The courses start on the 24th academic week and last for 15-16 weeks.
NB! The university transfers to a new study information system. This may cause errors in the course links that provide more detailed information. Should this occur, we kindly ask you to contact the coordinators of the college.
Click on the course to see the time-tables, course descriptions, requirements etc in the study information system.
Language courses on the basis of English:
- HVLC.08.016 Korean for Beginners I, Level 0 > A1.1 (6 ECTS)
- HVLC.08.017 Korean for Beginners II, Level A1.1 > A1.2 (6 ECTS)
- HVLC.08.018 Korean for Beginners III, Level A1.2 > A2.1 (3 ECTS)
Culture courses on the basis of English:
- FLLC.08.008 Korean History (3 ECTS)
The Korean language and culture courses are supported by the Korea Foundation
The courses are generally free of charge for the students of the University of Tartu and for students from other Estonian higher education institutions (See which institutions and universities have a partnership with the University of Tartu).
Visiting students from foreign higher education institutions need to pay for their language courses only if they are fee-paying students at the University of Tartu. In case of the latter, consult with the foreign student office regarding the credit point costs and conditions.
The Korean language is spoken by about 50 million people in South Korea, about 24 million people in North Korea, and about 6 million people overseas (mostly from China, the United States, and the former Soviet Union). However, these days, those numbers are growing. As Korea’s political standing has gained importance on a global scale, so has its economical standing, due to its technology giants, Samsung and LG. Combined with the spread of the Hallyu Wave, more and more people around the world are becoming interested in learning Korean.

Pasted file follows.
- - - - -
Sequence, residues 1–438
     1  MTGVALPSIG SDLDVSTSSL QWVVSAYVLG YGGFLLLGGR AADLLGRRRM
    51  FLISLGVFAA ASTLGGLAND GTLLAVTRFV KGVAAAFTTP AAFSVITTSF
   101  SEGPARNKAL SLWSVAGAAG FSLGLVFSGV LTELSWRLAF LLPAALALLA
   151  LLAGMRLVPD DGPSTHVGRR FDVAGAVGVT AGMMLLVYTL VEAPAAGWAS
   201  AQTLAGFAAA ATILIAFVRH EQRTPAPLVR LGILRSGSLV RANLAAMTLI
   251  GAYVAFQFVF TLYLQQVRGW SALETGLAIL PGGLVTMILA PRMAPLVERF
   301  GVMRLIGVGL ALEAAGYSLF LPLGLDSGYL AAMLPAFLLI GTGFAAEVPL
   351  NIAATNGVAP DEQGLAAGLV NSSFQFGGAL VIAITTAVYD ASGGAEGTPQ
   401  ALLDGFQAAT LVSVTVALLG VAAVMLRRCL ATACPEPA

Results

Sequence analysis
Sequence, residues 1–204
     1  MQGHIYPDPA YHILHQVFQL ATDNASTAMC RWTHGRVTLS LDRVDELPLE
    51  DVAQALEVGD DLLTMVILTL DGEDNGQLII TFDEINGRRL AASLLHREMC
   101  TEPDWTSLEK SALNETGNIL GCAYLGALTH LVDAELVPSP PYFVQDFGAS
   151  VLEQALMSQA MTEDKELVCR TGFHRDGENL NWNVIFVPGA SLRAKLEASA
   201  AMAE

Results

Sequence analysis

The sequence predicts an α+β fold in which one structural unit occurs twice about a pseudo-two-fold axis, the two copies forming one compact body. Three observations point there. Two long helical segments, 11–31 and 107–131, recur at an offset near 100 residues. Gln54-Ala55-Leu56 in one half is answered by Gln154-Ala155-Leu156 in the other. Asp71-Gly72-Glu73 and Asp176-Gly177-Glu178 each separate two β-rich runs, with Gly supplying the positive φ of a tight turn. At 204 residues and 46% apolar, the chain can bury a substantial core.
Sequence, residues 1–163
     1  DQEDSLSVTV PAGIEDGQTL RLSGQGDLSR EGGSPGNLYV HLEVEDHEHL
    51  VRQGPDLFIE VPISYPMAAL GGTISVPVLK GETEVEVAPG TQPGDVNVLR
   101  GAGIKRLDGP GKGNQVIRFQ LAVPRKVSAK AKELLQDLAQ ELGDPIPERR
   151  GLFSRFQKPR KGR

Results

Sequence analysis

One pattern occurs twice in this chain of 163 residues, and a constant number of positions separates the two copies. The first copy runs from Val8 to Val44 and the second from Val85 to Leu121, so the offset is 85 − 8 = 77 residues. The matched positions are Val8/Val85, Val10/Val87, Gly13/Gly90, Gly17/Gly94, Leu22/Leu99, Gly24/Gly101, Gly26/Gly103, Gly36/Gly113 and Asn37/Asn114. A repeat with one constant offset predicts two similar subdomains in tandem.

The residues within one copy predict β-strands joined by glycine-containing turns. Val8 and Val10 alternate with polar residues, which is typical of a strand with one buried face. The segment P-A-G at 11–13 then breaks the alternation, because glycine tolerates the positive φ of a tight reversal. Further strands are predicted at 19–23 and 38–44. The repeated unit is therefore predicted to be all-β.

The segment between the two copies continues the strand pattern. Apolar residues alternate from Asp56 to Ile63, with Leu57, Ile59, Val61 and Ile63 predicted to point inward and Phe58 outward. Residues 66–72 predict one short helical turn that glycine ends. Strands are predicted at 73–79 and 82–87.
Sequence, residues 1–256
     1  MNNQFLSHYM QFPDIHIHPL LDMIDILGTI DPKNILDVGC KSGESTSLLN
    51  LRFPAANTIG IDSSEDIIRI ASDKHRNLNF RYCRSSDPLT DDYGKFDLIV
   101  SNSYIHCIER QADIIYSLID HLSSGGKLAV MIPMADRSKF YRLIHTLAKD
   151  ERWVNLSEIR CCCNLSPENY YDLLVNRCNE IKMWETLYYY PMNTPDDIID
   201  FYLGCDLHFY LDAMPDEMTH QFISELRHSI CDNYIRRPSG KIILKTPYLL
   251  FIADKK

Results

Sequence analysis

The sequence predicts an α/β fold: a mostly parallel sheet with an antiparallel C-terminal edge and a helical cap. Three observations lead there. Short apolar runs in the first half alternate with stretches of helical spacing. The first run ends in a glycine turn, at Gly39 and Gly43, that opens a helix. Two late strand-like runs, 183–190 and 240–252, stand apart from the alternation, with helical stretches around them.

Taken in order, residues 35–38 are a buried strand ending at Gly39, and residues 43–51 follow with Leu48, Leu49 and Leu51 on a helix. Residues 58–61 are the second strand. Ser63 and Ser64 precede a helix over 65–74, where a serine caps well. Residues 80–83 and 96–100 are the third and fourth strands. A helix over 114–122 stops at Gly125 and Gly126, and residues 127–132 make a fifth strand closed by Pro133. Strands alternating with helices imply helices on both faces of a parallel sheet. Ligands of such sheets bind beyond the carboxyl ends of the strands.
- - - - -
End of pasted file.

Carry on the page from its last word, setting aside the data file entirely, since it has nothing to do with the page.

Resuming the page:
Hangeul (the Korean alphabet) was invented in 1443, by King Sejong, who was the 4th King in the Joseon Dynasty. At that time, the Korean language existed but only orally. There was no written means to transcribe the Korean language. Therefore, Korean scholars had to learn and use Chinese characters whenever they wanted to write. However, the Chinese language is different from the Korean language and has different sounds, therefore King Sejong invented Hangeul so the Korean people could both speak and write in Korean. Thus in 1446, King Sejong distributed his newly created Hangeul alphabet, then called ‘Hunminjeongeum’ so people could use it easily.
Hangeul is a perfect phonetic alphabet, which is made up of 24 letters (10 basic vowels and 14 basic consonants). The consonants represent the shape of the mouth when the letter is pronounced, and the vowels are made up of the three orders of heaven, earth and man, according to the principle of Yin and Yang.
10 Basic Vowels:
ㅏ ㅓ ㅗ ㅜ ㅡ ㅣ ㅐ ㅔ ㅚ ㅟ
14 Basic Consonants:
ㄱ ㄴ ㄷ ㄹ ㅁ ㅂ ㅅ
ㅇ ㅈ ㅊ ㅋ ㅌ ㅍ ㅎ
The Korean language genetically belongs to the Altaic language family, and the basic syntactic structure is SOV (subject-object-predicate), which is a verb-final language. The Korean language is an agglutinative language, so many particles attach to the nouns like prepositions in English, and the verbs are formed through agglutination. That is, the endings of the verb stem have grammatical functions. The Korean language is a discourse-oriented language because some grammatical elements, such as subjects, objects, and particles, are often omitted in discourse but the sentence is understood in context. Moreover, the Korean language has a very developed honorific system that is related to socio-cultural criteria and the Korean collective way of thinking.